THRONE SPEECH REVEALS HARRIS ABANDONING IMPORTANT ELECTION PROMISE TO ONTARIANS WITH DISABILITIES
Thursday, April 23, 1998 - FOR IMMEDIATE RELEASE
TORONTO - The Harris Government's April 23, 1998 Throne Speech announced no plans whatsoever to live up to the Premier's unfulfilled election promise to enact the Ontarians with Disabilities Act. In a May 24, 1995 letter, Premier Harris promised to enact this new law in his first term, and to work together to develop it with the Ontarians with Disabilities Act Committee, a broad, province wide disability coalition. Yet since taking office, Premier Harris has not delivered on any of these promises, and has refused to even meet with this coalition.
This Throne Speech was heralded as mapping out the Government's agenda for the rest of its term leading up to the next election, which may come as early as next year. By not acting on its promise during the first three years of its mandate, the government has scarcely enough time for the Government to conduct the promised public consultation on the Ontarians with Disabilities Act let alone to draft this law and get it through the Legislature.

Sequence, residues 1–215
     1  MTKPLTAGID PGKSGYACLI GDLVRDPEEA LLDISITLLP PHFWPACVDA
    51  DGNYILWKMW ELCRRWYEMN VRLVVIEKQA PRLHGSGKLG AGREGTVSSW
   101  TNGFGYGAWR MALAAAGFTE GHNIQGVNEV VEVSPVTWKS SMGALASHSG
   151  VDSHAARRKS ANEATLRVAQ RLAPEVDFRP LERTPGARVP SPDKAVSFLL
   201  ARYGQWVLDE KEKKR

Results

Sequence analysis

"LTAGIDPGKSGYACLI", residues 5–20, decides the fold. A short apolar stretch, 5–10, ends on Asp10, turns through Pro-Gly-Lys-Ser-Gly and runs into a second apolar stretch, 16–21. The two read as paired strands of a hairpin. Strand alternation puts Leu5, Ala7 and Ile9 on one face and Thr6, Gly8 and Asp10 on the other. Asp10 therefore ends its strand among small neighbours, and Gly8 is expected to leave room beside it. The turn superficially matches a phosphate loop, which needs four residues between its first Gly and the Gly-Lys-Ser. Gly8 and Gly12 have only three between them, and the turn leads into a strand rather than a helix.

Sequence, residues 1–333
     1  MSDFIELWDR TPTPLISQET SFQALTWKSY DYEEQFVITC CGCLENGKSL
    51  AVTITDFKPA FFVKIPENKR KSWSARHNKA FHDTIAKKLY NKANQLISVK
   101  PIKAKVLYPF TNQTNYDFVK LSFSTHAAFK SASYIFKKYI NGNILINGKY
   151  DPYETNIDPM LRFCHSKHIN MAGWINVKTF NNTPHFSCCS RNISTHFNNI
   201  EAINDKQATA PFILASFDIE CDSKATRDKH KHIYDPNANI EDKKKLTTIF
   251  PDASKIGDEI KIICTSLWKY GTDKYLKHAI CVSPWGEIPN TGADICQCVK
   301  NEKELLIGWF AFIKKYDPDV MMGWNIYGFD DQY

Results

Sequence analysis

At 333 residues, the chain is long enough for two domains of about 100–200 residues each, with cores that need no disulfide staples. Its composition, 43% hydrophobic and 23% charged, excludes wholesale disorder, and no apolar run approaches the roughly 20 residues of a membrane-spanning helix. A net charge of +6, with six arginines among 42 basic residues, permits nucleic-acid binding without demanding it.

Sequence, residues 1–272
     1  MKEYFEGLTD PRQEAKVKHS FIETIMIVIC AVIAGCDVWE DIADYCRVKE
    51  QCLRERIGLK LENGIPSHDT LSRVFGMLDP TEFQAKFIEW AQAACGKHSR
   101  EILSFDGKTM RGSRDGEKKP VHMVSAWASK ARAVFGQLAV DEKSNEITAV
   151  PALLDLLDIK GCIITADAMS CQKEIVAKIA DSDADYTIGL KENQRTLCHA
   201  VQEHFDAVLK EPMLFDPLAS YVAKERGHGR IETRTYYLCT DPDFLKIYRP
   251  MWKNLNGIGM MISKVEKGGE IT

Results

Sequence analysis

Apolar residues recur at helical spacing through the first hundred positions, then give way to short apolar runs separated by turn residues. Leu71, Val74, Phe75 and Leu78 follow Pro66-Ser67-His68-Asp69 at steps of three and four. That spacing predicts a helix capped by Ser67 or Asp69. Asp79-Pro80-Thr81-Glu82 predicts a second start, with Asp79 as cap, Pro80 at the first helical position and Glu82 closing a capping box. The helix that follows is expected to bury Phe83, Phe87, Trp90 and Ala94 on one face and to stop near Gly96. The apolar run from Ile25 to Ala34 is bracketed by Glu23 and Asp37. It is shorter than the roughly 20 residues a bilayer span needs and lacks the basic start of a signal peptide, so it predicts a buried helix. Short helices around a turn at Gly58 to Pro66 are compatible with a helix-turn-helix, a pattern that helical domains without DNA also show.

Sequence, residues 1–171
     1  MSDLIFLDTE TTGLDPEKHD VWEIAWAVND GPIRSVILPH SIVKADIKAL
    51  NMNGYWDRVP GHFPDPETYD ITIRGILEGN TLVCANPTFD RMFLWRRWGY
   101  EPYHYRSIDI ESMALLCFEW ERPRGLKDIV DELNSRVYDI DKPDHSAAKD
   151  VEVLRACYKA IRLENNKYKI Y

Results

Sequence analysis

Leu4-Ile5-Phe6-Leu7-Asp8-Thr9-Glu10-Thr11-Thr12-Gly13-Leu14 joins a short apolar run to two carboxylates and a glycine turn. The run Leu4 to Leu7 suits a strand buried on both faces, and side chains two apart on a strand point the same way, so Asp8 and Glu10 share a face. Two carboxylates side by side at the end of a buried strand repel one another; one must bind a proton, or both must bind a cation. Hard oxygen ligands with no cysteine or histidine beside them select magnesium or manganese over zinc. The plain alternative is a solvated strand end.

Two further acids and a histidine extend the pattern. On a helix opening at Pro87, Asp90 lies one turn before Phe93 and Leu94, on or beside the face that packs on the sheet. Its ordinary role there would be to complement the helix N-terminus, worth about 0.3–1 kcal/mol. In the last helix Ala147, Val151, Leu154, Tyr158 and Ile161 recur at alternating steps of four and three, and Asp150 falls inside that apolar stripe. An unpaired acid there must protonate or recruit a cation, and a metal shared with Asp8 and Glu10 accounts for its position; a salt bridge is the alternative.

"By not even mentioning the Ontarians with Disabilities Act in this Throne Speech, the Harris Government has shown that it has no real intention of keeping its election promises to the 17% of Ontarians who have disabilities," said David Lepofsky, ODA Committee Co-Chair. "The Premier has spent the past weeks trying to come up with a new series of programs for his Government to undertake for the rest of its term even though it has done nothing to live up to its election pledges to us." The new law which this broad-based coalition seeks would be aimed at removing and preventing barriers that prevent persons with disabilities from fully participating in activities like employment, housing, education, transportation and communications. Yesterday, when the ODA Committee came to Queen's Park to present its brief to elected representatives from each of the three parties, not only did the Premier not come, but he did not even make sure that there was an elected representative present to receive this important blueprint for the promised legislation. "We want to work together with this Government in a spirit of cooperation to ensure the swift passage of a strong and effective Ontarians with Disabilities Act," said Lepofsky. "But we can't get them to break this ongoing radio silence."